Ask for the bold part.

They are running home.

I thought the answer must be "Where are they running to?" but when I checked the answer it was "Where are they running?". If the sentence is transformed as "Where are they running?" then it does not express the same sense as that of the original sentence because in this case the answer would be much like "They are running at home". So, what's the correct form?


The sense of in your question

Where are they running to?

is the question for

They are running home

that is, in a homeward direction

Where are they running?

asks at which location are they running

They are running in the park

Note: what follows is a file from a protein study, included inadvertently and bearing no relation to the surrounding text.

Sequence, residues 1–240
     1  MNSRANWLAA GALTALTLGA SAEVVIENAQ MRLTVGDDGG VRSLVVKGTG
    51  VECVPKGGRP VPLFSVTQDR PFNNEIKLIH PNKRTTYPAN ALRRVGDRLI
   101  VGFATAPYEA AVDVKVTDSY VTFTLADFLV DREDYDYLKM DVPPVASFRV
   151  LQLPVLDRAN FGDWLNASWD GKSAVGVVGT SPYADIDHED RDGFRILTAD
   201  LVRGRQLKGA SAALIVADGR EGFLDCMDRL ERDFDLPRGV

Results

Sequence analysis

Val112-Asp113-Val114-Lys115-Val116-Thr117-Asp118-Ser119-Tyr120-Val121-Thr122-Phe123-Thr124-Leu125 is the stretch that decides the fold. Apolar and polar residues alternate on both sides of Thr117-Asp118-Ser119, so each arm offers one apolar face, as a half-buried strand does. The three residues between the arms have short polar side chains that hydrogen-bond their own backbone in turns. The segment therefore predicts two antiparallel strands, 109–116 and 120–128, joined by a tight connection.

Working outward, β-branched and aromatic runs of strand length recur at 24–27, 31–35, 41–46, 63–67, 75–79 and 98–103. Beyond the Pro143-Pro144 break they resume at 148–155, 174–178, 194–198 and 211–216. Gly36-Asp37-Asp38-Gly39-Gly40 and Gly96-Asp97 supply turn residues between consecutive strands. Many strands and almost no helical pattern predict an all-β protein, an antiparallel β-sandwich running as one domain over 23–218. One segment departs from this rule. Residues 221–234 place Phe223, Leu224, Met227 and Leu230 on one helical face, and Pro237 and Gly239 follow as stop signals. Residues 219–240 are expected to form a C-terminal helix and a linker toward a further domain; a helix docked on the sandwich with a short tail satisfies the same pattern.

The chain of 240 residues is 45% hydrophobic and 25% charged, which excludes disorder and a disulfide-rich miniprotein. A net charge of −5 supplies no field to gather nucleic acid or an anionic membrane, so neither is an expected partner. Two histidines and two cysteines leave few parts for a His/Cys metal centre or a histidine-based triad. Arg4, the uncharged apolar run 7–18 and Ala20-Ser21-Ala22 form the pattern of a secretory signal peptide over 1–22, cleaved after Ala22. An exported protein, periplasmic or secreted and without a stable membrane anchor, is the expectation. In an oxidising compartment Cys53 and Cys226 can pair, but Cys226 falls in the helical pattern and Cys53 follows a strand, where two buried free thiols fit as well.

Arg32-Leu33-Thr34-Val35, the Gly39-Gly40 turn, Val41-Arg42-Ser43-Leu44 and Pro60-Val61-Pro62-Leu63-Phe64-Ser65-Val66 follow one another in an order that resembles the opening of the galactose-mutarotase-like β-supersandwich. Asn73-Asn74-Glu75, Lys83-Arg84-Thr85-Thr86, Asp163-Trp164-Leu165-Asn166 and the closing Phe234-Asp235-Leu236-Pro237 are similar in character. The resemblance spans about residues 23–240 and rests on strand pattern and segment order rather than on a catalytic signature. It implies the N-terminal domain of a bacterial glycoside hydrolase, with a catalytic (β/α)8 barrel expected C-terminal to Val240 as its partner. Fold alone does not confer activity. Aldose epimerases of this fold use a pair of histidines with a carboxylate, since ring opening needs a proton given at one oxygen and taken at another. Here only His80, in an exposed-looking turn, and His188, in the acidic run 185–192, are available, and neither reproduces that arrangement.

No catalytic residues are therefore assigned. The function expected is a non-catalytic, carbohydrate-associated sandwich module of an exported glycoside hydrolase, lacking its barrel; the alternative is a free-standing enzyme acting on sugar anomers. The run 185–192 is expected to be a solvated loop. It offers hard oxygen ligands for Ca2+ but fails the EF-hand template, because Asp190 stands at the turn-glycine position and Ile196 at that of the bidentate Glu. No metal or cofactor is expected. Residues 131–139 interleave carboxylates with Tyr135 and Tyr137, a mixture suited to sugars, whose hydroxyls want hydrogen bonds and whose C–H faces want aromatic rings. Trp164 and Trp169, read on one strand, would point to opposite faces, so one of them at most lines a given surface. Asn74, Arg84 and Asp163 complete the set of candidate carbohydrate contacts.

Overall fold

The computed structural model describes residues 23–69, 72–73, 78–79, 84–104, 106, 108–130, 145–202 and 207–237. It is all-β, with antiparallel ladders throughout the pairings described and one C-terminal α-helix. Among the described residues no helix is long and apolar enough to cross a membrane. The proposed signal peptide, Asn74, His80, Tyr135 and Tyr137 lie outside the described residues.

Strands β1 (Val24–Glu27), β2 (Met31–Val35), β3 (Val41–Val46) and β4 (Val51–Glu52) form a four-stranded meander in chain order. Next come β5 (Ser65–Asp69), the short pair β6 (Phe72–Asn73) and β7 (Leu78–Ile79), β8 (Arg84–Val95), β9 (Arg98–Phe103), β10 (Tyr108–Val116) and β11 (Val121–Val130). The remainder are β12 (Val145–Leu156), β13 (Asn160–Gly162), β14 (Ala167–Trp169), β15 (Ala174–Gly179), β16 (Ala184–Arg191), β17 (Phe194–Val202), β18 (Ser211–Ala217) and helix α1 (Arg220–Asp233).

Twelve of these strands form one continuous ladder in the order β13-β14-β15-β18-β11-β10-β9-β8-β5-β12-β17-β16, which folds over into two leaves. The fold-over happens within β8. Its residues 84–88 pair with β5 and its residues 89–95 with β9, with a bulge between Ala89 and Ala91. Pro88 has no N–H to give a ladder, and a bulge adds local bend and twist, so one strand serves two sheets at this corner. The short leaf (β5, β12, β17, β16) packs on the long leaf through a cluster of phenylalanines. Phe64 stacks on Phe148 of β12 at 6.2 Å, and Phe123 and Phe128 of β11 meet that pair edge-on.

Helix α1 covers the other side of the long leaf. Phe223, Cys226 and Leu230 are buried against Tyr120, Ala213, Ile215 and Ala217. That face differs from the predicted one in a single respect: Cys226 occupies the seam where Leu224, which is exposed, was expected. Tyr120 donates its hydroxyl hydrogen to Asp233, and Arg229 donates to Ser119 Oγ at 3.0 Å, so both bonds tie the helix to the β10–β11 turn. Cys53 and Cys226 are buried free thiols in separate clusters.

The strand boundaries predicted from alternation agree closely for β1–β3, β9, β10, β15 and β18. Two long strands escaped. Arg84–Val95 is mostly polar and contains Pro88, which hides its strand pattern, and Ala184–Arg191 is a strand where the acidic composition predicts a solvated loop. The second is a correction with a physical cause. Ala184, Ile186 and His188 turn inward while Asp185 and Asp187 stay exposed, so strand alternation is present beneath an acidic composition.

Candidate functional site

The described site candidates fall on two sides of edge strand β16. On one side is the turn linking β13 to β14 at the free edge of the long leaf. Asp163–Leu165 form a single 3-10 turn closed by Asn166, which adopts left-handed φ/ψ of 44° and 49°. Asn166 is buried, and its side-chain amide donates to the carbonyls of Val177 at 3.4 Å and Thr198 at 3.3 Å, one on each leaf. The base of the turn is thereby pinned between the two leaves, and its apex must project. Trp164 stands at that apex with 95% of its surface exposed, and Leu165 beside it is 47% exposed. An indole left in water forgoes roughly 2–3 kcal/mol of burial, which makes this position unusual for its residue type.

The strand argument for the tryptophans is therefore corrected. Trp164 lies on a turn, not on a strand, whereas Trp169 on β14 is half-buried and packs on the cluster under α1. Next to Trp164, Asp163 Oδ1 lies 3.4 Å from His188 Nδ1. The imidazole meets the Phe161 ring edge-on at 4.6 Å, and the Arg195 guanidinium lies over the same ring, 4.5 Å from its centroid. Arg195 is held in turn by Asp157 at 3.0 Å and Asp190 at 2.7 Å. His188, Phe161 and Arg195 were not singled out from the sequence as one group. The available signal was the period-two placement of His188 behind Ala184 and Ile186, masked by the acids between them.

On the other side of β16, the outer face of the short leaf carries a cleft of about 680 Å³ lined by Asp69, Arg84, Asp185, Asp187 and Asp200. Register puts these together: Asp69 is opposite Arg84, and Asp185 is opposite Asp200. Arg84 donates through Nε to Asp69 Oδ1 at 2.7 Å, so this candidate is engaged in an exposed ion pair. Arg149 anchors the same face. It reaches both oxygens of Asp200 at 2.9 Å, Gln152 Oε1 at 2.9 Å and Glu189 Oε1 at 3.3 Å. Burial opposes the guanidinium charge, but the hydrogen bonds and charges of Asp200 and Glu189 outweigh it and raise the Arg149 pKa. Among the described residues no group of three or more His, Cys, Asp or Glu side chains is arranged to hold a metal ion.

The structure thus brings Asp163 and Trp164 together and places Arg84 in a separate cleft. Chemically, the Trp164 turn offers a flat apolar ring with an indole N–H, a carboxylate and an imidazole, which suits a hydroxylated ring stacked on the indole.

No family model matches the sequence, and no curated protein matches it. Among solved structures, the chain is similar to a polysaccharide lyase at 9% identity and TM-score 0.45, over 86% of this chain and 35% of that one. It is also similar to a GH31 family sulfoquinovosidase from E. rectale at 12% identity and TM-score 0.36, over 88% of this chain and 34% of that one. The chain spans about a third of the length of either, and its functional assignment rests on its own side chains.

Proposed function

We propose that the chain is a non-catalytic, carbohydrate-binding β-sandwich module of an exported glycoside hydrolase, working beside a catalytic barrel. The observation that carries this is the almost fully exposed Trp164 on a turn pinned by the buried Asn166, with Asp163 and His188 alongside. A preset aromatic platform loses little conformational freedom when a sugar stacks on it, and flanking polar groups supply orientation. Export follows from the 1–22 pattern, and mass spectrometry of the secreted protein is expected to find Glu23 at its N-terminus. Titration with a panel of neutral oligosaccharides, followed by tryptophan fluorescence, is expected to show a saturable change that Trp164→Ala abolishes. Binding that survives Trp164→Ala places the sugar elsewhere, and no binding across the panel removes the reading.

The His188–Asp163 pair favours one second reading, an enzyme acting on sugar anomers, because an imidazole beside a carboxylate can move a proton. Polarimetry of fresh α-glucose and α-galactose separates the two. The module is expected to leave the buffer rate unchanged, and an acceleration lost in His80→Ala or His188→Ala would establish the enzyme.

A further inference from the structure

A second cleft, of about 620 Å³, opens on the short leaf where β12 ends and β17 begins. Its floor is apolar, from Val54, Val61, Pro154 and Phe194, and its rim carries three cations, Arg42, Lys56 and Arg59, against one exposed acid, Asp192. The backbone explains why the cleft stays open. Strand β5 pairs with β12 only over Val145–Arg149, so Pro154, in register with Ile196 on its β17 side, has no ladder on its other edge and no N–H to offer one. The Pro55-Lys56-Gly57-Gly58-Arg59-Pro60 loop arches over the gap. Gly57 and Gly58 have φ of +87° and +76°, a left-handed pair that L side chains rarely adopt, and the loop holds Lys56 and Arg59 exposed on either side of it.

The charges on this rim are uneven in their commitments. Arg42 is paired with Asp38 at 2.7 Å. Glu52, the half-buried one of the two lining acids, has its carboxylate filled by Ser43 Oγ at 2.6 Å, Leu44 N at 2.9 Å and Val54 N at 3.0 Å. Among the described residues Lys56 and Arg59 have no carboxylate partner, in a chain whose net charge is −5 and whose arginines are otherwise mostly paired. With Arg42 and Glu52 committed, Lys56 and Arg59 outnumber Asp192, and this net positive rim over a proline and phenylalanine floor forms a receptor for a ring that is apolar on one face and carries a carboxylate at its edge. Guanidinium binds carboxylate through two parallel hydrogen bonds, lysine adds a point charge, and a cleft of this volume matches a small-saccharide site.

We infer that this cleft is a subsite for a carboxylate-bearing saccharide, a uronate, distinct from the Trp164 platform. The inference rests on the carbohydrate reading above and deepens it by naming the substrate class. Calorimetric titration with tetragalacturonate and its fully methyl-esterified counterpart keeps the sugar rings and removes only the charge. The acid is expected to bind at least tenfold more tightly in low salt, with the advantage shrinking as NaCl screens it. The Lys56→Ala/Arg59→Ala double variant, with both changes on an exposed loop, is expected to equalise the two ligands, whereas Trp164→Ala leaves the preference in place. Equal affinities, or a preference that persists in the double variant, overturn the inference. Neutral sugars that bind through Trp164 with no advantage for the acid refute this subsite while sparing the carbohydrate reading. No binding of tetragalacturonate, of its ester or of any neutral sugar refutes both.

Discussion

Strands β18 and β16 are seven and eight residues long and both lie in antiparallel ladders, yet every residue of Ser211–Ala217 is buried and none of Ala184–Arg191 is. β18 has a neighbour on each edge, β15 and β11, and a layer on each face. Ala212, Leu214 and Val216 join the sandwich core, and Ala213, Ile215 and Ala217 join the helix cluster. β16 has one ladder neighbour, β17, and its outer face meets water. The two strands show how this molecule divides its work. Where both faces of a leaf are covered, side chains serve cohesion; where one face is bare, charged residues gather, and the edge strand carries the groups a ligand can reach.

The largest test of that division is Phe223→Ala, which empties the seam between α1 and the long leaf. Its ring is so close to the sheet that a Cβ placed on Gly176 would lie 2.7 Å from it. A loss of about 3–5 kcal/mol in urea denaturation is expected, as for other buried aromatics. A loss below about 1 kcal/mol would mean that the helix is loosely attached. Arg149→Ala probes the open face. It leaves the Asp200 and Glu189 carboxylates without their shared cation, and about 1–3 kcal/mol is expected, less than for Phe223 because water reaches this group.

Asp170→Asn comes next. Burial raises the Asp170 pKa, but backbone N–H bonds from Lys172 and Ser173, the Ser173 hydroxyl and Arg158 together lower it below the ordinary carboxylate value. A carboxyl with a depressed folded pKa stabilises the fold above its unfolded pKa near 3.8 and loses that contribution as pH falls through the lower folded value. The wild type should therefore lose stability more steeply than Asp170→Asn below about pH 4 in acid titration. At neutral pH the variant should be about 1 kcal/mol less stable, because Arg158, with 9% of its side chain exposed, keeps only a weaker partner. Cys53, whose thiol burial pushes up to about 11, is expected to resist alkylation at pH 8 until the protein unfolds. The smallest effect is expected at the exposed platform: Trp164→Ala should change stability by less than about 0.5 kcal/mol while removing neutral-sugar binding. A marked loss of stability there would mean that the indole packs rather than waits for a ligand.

They are running along the road

  • So the correct answer should be "Where are they running to?", right? – Sarthak123 Jan 4 '16 at 10:19
  • @Sarthak123 Yes, I would say the to should be there. Where did you check the answer? Is it a workbook? – Peter Jan 4 '16 at 13:49
  • nah I was doing some exercises on the internet, the answer written there seemed confusing. Thanks for your help ! – Sarthak123 Jan 4 '16 at 14:00
  • As a native speaker, I disagree: I don't think anybody hearing "Where are they running?" would think it should mean "Where are they, right now, as they are in the act of running?" Running is inherently an act of motion; if you are running, then you are presumably running to somewhere. Consider "Where are they going?" or "Where are they living?" - you don't have to say "Where are they going to?" or "Where are they living at?" – stangdon Jan 4 '16 at 16:01

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